The Encyclopedia Britannica gives a half page to the accomplishments of Charles Francis Adams, the son of President John Adams. Adams followed the political trail of his father and became a U.S. diplomat to Great Britain. The encyclopedia makes no mention of Charles’ family, but Charles’ diary does.
An entry one day read: “Went fishing with my son today—a day wasted.”
Another diary, that of his son Brook, gives us a different perspective: “Went fishing with my father—the most wonderful day of my life.”
Interesting, isn’t it, how a little boy’s perspective could be so different from his dad’s?
Read the full post at FamilyLife called Becoming a real father.
25 Ways to Spiritually Lead Your Family (Dennis Rainey)
Psalm 78 tells us that we are in a spiritual relay race. You and I are taking the baton, and the type of hand-off we make will determine how the next generation follows Jesus Christ, and our assignment is to teach our children to have faith in Jesus Christ.
When you read about a man’s responsibility to lead his family spiritually, the normal suggestions include organizing family devotions, leading spiritual discussions with children, and helping kids understand a biblical worldview. Those are all crucial, but this list is a bit different! I’ve found that there are many other ways—some less formal—to influence your wife and children spiritually. So here are 25 coaching tips for men who want to step up to spiritual leadership with their families.
Read the full post at FamilyLife called 25 Ways to Spiritually Lead Your Family.
What Does Your Child Really Need (Rob Flood)
In 1979, my father, Larry, was the manager of computer operations for a major oil company. It was the dawn of the computer age and, at that time, computers were just beginning to change from luxuries to necessities. In an industry of high competition, time was just as valuable as money. Then, it happened.
For no apparent reason, the computer room (at that time, computers took up rooms, not laps or desktops) shut down—dead. The computer operators were not able to reboot the computer and could not find any reason for the problem. In an effort to get up and running, Larry called in the A-Team of technicians … no success. They called in the regional technicians … no success. The room was full of operators, managers, and junior and senior technicians all scratching their heads.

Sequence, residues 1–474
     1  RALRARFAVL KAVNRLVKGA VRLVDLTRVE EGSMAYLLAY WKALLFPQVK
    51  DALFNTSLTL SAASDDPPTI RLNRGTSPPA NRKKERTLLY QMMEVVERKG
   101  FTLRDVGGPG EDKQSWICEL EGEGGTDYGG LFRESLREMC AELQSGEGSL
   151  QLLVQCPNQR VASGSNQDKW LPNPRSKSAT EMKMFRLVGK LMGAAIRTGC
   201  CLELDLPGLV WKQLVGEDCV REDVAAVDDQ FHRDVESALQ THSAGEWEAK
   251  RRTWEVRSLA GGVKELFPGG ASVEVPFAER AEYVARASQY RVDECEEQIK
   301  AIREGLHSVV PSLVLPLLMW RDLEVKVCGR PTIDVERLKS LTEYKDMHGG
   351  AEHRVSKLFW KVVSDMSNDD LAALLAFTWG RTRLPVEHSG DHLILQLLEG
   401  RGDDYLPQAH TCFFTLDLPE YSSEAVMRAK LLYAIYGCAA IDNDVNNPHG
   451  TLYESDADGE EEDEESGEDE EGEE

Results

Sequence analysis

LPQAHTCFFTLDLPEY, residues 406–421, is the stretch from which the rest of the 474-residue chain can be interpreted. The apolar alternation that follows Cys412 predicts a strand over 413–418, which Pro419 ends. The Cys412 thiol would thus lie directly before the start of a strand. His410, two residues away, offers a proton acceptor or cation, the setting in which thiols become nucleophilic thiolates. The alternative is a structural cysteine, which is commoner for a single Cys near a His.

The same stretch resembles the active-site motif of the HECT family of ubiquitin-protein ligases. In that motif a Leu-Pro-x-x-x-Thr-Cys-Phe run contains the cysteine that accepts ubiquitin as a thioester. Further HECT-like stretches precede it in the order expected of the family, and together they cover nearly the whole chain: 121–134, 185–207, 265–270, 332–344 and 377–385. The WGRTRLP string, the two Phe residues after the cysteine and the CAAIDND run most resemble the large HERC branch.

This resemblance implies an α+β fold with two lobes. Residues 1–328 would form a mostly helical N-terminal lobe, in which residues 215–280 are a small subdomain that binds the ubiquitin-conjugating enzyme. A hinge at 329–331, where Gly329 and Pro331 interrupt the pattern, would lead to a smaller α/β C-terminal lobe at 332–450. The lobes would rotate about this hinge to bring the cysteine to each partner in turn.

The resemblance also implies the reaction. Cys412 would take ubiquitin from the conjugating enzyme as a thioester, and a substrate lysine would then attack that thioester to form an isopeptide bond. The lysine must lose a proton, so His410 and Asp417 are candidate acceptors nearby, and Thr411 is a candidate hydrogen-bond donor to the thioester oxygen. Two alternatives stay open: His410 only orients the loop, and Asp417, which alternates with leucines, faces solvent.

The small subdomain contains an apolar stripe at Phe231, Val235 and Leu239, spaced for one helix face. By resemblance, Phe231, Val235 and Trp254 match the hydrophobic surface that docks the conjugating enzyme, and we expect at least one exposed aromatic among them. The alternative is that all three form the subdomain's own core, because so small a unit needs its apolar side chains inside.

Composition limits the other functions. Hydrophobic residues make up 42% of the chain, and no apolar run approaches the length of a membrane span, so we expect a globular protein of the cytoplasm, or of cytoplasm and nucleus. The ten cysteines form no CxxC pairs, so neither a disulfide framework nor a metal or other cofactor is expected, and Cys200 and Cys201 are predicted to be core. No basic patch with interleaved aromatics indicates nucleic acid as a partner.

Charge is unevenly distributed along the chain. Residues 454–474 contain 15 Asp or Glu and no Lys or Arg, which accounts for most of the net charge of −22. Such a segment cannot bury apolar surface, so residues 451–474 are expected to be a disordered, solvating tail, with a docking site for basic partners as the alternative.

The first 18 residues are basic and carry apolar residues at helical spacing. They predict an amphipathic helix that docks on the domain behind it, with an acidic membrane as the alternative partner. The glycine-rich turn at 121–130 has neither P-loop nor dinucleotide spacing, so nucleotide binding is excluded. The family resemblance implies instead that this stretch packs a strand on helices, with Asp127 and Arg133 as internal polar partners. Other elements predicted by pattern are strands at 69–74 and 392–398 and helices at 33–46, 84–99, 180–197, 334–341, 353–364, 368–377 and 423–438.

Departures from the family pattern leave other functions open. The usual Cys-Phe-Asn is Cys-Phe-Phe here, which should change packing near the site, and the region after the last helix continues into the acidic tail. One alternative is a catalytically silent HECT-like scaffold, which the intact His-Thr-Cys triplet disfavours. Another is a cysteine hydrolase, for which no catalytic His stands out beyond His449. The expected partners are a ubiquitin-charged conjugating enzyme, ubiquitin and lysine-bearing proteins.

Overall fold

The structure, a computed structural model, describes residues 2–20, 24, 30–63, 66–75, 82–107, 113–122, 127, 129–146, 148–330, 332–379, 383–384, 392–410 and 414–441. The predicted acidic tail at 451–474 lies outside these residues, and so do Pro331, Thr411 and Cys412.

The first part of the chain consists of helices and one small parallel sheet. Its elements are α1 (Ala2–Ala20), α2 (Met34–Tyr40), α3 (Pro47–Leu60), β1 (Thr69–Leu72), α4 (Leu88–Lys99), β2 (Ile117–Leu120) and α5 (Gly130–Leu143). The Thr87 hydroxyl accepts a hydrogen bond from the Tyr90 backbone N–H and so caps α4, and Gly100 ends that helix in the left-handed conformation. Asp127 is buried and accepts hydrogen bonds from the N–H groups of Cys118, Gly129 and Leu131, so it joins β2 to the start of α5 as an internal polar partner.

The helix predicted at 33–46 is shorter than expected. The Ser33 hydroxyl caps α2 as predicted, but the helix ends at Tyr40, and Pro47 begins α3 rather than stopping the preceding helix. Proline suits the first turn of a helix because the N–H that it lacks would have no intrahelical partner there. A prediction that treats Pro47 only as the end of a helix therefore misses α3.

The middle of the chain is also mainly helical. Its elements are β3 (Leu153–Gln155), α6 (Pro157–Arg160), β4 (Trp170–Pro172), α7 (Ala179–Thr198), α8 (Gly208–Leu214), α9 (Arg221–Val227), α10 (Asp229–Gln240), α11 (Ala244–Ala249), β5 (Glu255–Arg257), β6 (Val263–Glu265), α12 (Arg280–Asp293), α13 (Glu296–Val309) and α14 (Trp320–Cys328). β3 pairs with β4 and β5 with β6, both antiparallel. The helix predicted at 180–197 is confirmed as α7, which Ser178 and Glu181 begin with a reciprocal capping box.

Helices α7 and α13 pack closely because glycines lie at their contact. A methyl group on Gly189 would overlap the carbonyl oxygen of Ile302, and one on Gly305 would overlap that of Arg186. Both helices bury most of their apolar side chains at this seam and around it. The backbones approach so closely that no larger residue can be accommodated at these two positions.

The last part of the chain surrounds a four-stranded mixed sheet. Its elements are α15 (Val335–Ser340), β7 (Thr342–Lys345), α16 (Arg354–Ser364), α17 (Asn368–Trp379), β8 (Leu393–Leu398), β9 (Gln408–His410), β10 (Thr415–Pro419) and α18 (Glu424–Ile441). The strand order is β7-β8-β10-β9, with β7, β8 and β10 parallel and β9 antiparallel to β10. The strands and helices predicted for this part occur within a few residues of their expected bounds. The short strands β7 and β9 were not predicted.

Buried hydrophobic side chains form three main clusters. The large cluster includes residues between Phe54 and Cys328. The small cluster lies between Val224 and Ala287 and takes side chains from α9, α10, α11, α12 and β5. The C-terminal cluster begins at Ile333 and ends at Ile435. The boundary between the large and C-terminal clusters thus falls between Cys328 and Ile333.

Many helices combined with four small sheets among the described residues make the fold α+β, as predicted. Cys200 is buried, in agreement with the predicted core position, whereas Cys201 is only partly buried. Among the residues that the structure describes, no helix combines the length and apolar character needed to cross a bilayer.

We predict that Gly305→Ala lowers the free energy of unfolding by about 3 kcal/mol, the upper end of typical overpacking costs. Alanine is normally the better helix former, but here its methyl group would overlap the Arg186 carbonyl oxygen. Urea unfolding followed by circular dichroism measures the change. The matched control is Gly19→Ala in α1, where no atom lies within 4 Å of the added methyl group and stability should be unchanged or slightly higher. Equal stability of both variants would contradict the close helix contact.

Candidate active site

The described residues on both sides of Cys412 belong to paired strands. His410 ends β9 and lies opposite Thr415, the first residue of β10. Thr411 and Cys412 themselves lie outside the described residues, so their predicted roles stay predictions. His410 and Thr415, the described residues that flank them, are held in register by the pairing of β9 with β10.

Read the full post at FamilyLife called What Does Your Child Really Need.
40 Lessons We Sought to Teach Our Children (Dennis and Barbara Rainey)
We will never forget that incredible moment when our daughter Ashley was born. The doctor cleaned her up and handed her to us. Dennis recalls that he wanted to blurt out, “Thanks for the gift, but where are the instructions?”
When we started out, we had a few ideas of what it meant to be parents and raise children. Two years later we added a son, and we realized we needed to get intentional about what we wanted to do as parents and what we wanted to teach our children.
Read the full post at FamilyLife called 40 Lessons We Sought to Teach Our Children.
The Power of a Parent (Dennis Rainey)
The Great Wall of China is one of the great wonders of the world, a true masterpiece of engineering. I’m told that six horses could trot side by side on top of it. I’ve walked on it, and I was amazed to see this massive structure snake its way through the mountains.
China built the wall to protect it from invasion. But in the first 100 years after the wall was completed, enemies invaded the country three times. Do you know how?
Read the full post at FamilyLife called The Power of a Parent.
Caught in a Tug of War (Dennis Rainey)
When you were growing up did you ever get into a real tug of war? You know, the kind with a thick, scratchy rope with a knot at both ends? Two groups pulling against each other … and, in between, a murky mud hole the size of Lake Erie. It wasn’t the mud you feared—it was the humiliation of losing the war while others jeered.
There’s another tug of war taking place today. It’s a tug of war between a parent and a host of worldly influences.
Read the full post at FamilyLife called Caught in a Tug of War.